Snakes pose threat to U.S. islands, officials respond

These are strange, dark days for the tiny tropical island of Guam. Thanks to an infestation of invasive snakes, this once-popular tourist destination is now bristling with the reptiles and, consequently, a boom in spider populations. But researchers have developed a brilliant solution to this shudder-inducing problem: lace dead mice with poison, strap them into parachutes, and drop them at the snakes’ front door.

Guam, a U.S. territory, sits in the Pacific Ocean east of the Philippines and north of Papua New Guinea. The tiny island covers only 209 square miles, a smaller area than the city of Chicago. And crammed into this cozy space are brown tree snakes — about two million of them.

The snakes arrived on the island about 60 years ago. In those post-World War II days, military vessels plied the South Pacific waters, little knowing that reptilian stowaways used the ships to pass among islands unhindered. On other Pacific islands, natural predators keep the nocturnal, tree-dwelling brown snakes in check. But on Guam, where no such predators exist, brown tree snakes flourish unchecked.

The snakes pose a considerable nuisance to Guam’s 159,000 human inhabitants. Between three and ten feet long, the snakes can tangle with power lines and cause costly outages. Their nonlethal bites irritate residents and deter tourists.

Far and away, though, the snakes’ greatest threat is to Guam’s native flora and fauna.

Many of the island’s native bird and small mammal species have no defense mechanisms against the snakes’ predation. As a consequence, the brown tree snake has driven to extinction nine of Guam’s twelve bird species. The others have suffered tremendous losses, slashing the island’s bird populations to just a few hundred individuals.

Birds are vital to any ecosystem. They help pollinate flowers, disperse seeds, and control insect populations. Remove the birds, and watch the ecosystem begin to unravel. Marc Hall, a supervisory wildlife biologist on Guam’s Andersen Air Force Base, told NPR, “Research is showing that the loss of the birds may be impacting the ability of the natural ecosystem to sustain itself.”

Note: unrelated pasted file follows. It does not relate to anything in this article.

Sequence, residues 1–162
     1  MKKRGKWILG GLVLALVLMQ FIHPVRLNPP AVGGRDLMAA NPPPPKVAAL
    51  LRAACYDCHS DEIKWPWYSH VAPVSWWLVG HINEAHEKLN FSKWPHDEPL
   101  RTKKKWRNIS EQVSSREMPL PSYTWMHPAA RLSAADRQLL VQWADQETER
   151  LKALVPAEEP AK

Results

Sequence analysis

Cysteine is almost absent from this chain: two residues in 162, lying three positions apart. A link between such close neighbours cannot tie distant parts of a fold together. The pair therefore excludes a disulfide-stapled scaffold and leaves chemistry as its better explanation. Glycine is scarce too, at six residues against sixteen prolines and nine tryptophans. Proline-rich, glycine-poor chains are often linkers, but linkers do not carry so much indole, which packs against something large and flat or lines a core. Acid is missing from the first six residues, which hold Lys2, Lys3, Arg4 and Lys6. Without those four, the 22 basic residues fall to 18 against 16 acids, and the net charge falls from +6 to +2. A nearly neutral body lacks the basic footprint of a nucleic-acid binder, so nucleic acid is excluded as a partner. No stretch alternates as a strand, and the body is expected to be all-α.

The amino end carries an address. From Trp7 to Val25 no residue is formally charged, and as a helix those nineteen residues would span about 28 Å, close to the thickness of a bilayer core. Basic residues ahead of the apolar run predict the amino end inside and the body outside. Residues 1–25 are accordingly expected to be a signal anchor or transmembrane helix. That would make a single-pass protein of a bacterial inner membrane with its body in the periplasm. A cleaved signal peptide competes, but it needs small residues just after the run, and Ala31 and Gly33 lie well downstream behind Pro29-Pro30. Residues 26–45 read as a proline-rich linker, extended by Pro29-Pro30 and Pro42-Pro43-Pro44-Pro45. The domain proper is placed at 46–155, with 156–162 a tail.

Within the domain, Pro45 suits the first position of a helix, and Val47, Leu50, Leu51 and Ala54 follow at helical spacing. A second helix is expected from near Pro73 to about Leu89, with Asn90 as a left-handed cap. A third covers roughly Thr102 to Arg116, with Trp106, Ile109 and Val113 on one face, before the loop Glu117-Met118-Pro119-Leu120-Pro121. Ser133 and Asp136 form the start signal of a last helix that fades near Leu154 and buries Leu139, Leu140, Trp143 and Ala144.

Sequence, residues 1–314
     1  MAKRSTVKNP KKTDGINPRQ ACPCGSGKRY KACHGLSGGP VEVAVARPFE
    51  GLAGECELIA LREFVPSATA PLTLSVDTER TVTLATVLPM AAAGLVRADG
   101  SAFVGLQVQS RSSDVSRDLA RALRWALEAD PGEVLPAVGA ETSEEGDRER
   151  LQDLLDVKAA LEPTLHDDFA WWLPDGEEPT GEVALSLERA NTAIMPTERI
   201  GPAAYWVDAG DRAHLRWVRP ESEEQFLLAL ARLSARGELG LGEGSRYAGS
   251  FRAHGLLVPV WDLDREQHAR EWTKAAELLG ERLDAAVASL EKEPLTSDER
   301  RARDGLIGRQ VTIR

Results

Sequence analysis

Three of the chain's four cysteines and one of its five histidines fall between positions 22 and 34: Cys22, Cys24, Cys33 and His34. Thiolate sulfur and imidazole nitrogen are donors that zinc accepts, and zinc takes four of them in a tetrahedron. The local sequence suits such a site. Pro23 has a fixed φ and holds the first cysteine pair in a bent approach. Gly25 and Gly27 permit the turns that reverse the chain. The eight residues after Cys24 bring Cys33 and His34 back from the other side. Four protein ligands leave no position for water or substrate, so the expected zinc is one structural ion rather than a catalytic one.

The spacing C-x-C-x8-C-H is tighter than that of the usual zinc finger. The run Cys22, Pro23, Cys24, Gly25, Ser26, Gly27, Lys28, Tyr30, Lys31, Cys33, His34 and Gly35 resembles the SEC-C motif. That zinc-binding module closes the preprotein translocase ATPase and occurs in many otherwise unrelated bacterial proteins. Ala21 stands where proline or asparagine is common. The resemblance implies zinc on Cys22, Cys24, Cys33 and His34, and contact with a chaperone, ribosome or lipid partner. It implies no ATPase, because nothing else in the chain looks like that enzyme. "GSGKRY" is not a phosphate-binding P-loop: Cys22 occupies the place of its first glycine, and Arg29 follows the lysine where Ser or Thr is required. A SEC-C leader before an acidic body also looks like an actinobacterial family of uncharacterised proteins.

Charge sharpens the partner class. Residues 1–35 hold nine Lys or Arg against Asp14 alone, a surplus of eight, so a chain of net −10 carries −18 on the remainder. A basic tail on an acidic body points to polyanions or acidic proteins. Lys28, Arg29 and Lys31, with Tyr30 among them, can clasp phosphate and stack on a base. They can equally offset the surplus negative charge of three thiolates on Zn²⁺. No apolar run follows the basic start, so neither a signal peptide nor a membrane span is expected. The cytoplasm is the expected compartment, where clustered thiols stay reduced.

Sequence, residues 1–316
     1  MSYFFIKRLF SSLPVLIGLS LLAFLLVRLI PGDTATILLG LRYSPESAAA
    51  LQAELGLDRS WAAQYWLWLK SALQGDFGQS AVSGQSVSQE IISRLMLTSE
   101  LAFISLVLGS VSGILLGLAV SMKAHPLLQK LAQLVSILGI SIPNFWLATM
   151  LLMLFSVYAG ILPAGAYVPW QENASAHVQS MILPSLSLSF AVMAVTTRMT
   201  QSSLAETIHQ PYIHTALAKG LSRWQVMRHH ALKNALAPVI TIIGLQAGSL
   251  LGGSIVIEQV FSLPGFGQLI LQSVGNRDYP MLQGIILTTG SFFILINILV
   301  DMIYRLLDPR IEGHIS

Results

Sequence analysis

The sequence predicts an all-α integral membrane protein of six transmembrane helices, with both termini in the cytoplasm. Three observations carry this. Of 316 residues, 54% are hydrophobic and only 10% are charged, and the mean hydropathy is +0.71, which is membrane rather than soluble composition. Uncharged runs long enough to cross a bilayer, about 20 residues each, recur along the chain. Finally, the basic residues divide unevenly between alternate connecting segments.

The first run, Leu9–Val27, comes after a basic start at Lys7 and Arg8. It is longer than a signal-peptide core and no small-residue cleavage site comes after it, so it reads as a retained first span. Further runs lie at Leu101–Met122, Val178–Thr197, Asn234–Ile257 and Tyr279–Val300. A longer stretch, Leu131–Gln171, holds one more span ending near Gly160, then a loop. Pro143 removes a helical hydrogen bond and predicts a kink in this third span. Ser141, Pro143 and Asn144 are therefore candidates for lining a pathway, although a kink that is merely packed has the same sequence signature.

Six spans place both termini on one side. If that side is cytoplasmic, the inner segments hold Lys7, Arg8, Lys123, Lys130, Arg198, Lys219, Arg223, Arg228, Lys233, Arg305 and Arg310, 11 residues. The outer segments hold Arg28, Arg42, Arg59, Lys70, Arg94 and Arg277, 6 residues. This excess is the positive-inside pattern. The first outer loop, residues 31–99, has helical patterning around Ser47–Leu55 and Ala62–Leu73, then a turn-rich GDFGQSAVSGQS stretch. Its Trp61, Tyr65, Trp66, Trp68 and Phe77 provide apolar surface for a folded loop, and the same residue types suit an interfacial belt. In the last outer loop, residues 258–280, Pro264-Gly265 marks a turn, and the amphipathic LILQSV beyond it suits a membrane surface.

For proof, look to the spiders. In the past, Guam’s birds exerted dual controls over populations of the banana spider by snacking on both the arachnids and the insects that form the spiders’ diet. With the birds gone, the spider population has exploded. University of Washington Haldre Rogers found that during the wet season, Guam forests host about 40 times more spider webs than neighboring islands.

Ecosystem health and tourist revenue both suffer while Guam’s forests teem with snakes and spiders. But perhaps the biggest danger lies in what the snakes might do next.

Scientists on Guam and Hawaii dread the day when brown tree snakes make their way to the Hawaiian island chain. Even though Hawaii sits 3,000 miles across the ocean from Guam, there’s a very real risk of the snakes slipping into airplane cargo holds or wheel wells and setting up shop in a fresh island paradise.

If the snakes invaded Hawaii, the island chain’s ecosystems and tourist economies could collapse even more disastrously than Guam’s. Birds and small mammals on Hawaii would be spectacularly vulnerable to the snakes’ predation. The U.S. Department of Agriculture (USDA) estimates that if the snakes sneak into Hawaii, economic destruction “from medical incidents, power outages, and decreases in tourism…would range from approximately $593 million to $2.14 billion annually.”

That’s a risk no one’s willing to take. So the ingenious folks at the U.S. government have dreamed up an attack strategy to slash Guam’s brown tree snake population. The plan: pump dead baby mice full of acetaminophen and hand-drop them from helicopters into the forest canopy. Little parachutes strapped onto each mouse will catch in the upper branches and dangle the mice enticingly in the snakes’ faces.

On other islands, these mouse bombs could be as ecologically destructive as the snakes. But on desperate Guam, they seem like the best available option.

The plan is fairly solid. Unlike many other snakes, the brown tree snake has no qualms about eating dead food. USDA research has confirmed that acetaminophen—the active ingredient in drugs like Tylenol—will be fatal to the snakes. The mouse parachutes are designed to snag in trees, so no ground-dwelling animals or insects will be exposed to the toxins. Elsewhere, arboreal birds might be vulnerable to the drug-laced mice. “One concern was that [Guam’s] crows may eat mice with the toxicant,” said William Pitt at the U.S. National Wildlife Research Center’s Hawaii Field Station. “However, there are no longer wild crows on Guam.”

The mouse mission, scheduled for April or May of 2013, will target Guam’s Andersen Air Force Base. The base provides the snakes’ best strategy for jumping ship to Hawaii. Even though no brown tree snakes have been spotted in the Hawaiian Islands for 17 years, the pressure to halt the snakes is very real. Daniel Vice, assistant state director of the USDA’s Wildlife Services in the Pacific told NPR that without the toxic mouse rain, “I think the possibility of the snakes getting to Hawaii is inevitable.”